Posted May 15, 2019 05:31:50 We’ve all been there.
You’re waiting in line for a plane ticket, you have no idea what’s going to happen when it arrives.
Then you get an email from your agent telling you the flight has been cancelled.
What are you going to do?
Well, maybe you should be thinking about getting out of the airport and buying a cheap hotel room for a couple of nights before you fly home.
The law of physics may be the law of life, but it’s also the law that governs what we can expect in the real world.
As physics teacher David Wooten explained to Science Insider, the laws of physics are just as applicable in our everyday lives as they are in the physical world.
“We can be pretty certain about things when we have a certain level of information, but we don’t necessarily know that for certain,” Wootens told Science Insider.
“When the situation changes, we don.
We’re not sure.”
In the real life, there are many things we can’t know for sure.
For example, you know your body temperature better than your neighbor.
But you don’t know what that temperature is going to be on that particular day.
Or how much sleep you’re going to get on that specific night.
Or what kind of food you’re likely to eat.
Or even what kind and how much alcohol you’re drinking.
That’s the problem with physics.
It’s very difficult to determine what the physics of a situation will be at any given moment.
For instance, when a plane crashes into a building, it’s not the physics that’s going on that causes the damage, but the physics on the ground.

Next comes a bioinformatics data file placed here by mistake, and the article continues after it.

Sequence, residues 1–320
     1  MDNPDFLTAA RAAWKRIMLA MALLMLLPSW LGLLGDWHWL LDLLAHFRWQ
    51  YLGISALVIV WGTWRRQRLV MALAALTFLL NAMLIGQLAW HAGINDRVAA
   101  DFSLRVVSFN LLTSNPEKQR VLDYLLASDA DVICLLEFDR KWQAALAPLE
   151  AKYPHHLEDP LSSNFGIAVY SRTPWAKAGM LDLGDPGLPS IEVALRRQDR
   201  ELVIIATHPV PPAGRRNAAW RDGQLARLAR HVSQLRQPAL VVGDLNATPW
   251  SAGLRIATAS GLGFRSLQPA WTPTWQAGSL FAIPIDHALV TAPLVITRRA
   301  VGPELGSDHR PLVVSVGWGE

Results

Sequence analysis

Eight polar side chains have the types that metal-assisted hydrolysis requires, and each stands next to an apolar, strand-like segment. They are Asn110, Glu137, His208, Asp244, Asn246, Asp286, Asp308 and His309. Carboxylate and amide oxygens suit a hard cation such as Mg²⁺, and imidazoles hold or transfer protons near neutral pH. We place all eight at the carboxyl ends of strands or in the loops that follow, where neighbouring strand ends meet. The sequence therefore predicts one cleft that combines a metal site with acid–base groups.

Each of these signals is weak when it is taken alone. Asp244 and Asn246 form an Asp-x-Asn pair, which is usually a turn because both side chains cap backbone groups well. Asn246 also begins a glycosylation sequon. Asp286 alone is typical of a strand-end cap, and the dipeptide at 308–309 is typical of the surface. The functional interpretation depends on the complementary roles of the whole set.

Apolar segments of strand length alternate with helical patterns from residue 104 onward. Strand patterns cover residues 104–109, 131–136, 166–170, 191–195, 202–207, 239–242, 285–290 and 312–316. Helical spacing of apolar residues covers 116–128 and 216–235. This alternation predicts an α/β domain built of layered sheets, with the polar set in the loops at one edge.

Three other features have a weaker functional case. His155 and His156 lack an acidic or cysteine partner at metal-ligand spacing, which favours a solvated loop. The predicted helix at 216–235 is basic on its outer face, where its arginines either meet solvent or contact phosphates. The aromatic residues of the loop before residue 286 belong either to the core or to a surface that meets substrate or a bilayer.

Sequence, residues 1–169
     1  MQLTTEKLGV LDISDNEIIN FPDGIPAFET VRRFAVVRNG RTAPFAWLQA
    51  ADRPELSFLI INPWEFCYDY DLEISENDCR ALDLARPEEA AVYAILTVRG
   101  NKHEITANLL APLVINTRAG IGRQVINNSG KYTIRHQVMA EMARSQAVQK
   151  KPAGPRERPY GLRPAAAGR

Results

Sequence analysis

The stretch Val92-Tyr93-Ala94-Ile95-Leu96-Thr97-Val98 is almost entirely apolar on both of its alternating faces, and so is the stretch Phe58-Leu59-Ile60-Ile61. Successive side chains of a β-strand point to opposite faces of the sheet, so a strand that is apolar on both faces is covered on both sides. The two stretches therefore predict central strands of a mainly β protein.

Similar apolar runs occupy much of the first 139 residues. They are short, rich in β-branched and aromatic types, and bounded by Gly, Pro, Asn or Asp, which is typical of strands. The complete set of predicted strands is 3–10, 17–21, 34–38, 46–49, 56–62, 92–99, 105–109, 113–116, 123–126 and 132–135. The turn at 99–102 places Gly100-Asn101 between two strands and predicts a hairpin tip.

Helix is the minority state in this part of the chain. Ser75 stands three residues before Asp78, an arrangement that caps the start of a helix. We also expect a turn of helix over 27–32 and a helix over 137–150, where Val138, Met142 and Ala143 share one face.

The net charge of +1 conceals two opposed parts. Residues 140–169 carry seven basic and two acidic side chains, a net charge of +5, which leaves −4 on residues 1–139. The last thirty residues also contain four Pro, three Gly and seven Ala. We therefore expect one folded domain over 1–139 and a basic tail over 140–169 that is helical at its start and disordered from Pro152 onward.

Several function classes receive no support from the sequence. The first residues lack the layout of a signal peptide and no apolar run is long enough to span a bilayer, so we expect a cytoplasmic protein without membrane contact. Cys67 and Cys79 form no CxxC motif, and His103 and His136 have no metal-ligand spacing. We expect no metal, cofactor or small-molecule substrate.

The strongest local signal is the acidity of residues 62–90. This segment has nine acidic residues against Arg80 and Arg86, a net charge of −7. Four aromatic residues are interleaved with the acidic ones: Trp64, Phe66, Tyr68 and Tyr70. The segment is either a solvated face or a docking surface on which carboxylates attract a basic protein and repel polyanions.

That makes it very difficult for us to determine the cause of the damage and, therefore, determine how long it takes to repair the damage.
So, in the end, we have to rely on physics to tell us what we should do.
That means, if we have information that tells us that a plane crash will happen, we should try to stay at home.
But if we don and it doesn’t, then we’ll have to move on.
This is why, as physics professor Dan Bortz says, we’ve learned to accept that the world has a “black box” of physics.
That is, if it’s very obvious, it doesn´t exist.
That way, we can rely on the “black boxes” of nature to inform our decisions.
But that means we have no guarantee that we’ll know what’s really going on when things are happening.
It also means we need to understand what’s happening in the world before we make decisions.
That´s why physics professor David Wurtzel told Science Insiders that when you’re looking at the laws that govern the behavior of objects in the universe, you need to be “careful” with what you put in your mind.
“It’s important to know what you´re seeing,” Wurtz said.
“If you’re thinking, ‘Oh, this will never happen,’ it won’t.
You need to know that.”
As the saying goes, “If it ain’t broke, don’t fix it.”
For more information on how physics relates to real-world situations, read “What is Physics?”